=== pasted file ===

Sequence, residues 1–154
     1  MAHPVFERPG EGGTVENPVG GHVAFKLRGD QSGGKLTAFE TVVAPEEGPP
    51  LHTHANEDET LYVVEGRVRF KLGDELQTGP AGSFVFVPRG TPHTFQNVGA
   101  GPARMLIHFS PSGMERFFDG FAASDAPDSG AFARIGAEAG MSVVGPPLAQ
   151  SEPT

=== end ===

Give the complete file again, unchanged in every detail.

Sequence, residues 1–154
     1  MAHPVFERPG EGGTVENPVG GHVAFKLRGD QSGGKLTAFE TVVAPEEGPP
    51  LHTHANEDET LYVVEGRVRF KLGDELQTGP AGSFVFVPRG TPHTFQNVGA
   101  GPARMLIHFS PSGMERFFDG FAASDAPDSG AFARIGAEAG MSVVGPPLAQ
   151  SEPT